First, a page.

So the next question is about the device being implanted. So especially I think, for you it’s a good question since you're so into sports. Do you have to be extra careful about the implant in your spine? Can you feel any difference when it's implanted?

For me, having no sensation below the chest, I don't really feel it, but you do have to be a little bit careful. But I had extra padding in my [ice hockey] sled, padding everywhere so I'm pretty much protected.

Does it in any way restrict you from performing daily activities?

When you're healing, in the first couple of weeks, you want to let it heal, you don't want it to reopen, so it's kind of a waiting game. But after that, I think you're still free to do whatever you want to do.

How soon do you think you can go back to sports?

As soon as the doctor clears me, which is next week. So it's been about four weeks of healing and I’ll be back in sports next week.

How many people have done it so far and how many improved?

So here in Thailand, we've treated more than 70 patients and so far we're seeing results in everyone, including standing and stepping in the majority of the patients.

So is your stem cell treatment finished and what did you think?

Yes, I had three sessions in one week and that’s all for now. It's tough to say what I think. Everybody's different and it's kind of a waiting game, so I’m just waiting to see the results but I feel great.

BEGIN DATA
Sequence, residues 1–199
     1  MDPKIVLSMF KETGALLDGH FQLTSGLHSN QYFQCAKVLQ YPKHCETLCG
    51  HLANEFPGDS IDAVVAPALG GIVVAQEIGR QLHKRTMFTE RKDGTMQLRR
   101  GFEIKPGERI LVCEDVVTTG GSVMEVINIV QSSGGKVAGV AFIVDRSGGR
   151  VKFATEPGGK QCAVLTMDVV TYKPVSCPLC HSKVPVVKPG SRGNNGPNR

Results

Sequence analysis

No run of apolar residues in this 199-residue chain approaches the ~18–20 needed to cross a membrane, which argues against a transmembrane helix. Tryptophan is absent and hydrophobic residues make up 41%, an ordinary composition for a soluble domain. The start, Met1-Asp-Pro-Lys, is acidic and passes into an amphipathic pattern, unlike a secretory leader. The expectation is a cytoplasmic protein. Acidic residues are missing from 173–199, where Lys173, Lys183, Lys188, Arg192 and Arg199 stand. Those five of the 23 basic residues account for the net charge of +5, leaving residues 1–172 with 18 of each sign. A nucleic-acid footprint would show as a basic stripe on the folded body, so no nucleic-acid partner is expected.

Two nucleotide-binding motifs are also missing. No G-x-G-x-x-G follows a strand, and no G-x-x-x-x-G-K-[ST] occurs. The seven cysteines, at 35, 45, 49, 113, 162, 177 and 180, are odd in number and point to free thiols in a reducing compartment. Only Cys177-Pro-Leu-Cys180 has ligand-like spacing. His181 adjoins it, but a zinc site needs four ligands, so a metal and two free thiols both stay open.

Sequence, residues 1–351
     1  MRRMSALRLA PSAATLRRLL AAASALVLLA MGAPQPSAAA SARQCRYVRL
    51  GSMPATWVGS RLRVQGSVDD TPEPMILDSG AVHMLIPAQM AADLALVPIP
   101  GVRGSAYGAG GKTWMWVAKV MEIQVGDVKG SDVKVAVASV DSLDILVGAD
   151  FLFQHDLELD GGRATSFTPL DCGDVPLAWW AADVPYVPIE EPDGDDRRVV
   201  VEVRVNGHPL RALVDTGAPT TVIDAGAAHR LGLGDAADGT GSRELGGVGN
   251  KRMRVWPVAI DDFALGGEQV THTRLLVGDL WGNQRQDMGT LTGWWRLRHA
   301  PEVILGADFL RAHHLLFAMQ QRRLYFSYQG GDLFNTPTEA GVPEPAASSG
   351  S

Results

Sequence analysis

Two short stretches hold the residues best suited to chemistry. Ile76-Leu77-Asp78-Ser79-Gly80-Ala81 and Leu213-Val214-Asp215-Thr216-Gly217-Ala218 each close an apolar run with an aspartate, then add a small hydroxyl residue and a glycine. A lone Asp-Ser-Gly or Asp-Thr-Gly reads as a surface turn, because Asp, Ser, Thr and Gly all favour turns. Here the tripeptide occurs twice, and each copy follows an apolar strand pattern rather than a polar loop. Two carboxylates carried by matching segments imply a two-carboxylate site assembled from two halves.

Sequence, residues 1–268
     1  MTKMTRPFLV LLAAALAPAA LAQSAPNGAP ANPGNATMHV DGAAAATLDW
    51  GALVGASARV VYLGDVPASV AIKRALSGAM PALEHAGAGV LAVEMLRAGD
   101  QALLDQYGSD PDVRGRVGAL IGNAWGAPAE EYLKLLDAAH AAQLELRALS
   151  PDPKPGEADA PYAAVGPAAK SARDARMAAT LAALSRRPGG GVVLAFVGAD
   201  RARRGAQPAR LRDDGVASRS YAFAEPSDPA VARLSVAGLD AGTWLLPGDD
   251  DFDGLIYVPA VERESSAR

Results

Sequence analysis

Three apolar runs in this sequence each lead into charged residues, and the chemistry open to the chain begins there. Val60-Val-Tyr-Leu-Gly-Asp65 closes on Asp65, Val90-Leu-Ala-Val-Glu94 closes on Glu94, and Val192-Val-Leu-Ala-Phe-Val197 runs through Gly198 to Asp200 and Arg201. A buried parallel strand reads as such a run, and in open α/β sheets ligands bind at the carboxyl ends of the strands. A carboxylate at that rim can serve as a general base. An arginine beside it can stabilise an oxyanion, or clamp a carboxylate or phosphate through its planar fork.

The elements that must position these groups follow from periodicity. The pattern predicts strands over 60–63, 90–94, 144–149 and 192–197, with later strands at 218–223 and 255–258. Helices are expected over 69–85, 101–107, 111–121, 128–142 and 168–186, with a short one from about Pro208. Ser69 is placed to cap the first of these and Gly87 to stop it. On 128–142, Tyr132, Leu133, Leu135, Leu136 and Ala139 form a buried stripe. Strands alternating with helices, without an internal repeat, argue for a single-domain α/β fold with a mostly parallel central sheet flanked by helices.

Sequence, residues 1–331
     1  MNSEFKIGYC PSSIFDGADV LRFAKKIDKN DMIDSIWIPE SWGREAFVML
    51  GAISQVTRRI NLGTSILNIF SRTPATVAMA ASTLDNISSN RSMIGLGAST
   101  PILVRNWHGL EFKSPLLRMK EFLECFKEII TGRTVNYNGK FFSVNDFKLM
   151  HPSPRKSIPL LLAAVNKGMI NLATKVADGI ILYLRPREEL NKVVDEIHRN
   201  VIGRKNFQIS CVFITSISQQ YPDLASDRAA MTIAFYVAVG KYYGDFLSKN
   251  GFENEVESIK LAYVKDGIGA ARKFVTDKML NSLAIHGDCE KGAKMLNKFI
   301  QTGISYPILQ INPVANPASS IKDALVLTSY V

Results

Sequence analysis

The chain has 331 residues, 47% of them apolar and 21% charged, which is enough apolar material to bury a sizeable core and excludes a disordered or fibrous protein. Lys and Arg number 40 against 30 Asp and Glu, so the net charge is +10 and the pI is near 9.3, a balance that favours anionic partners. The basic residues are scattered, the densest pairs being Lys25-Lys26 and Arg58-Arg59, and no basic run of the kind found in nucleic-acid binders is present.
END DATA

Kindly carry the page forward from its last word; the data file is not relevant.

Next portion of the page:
Usually it takes us a few months to see the full results of the stem cell treatments. So hopefully, when we follow up with you, we will be able to see some more improvements in your sensory functions.

Another question is about your autonomic functions and your blood pressure. Do you feel it's something that is restricting you and is it getting better or are you still struggling with it?

It's something that I've been working on for the past year and a half. When the stimulators are on for certain programs I think my blood pressure can increase and it helps me with the standing and stepping programmes. So definitely it's helpful.

Okay. So, where were the stem cells taken from?

For Ryan, we are using stem cells from human amniotic fluid. These are stem cells that are the closest to embryonic stem cells, but they're not embryonic, so there are no risks associated. These are non-frozen cells, we never freeze them and we prepare them fresh for every patient for each injection.

How's the food at the hospital and is it similar to hospitals in Canada?

The food is good. I mean, you have a lot of choices and get to experience different food. I think every hospital has similarities, but it's a little different here because being an inpatient, you have a pretty decent room. You have a physio right outside your door, it's pretty easy to get around and the nurses treat you very well.

The last question we have for today is whether there is a waiting list for the treatment?

Actually, sometimes yes, sometimes no. December is a little quiet here because many patients want to spend Christmas at home. But then there are months like January and February that are quieter so it's good to plan, maybe at least two or three months in advance.

So Ryan, I know that next week you're joining the local hockey team!

Yeah, I think they’ve found ice for me and Tim Hortons back in Canada is sponsoring the ice so I'm very thankful and excited to get back.
The above is not a verbatim transcript of Ryan’s interview and the exact wording and order of words have been edited to be read more easily. You can watch the full interview on our Facebook channel.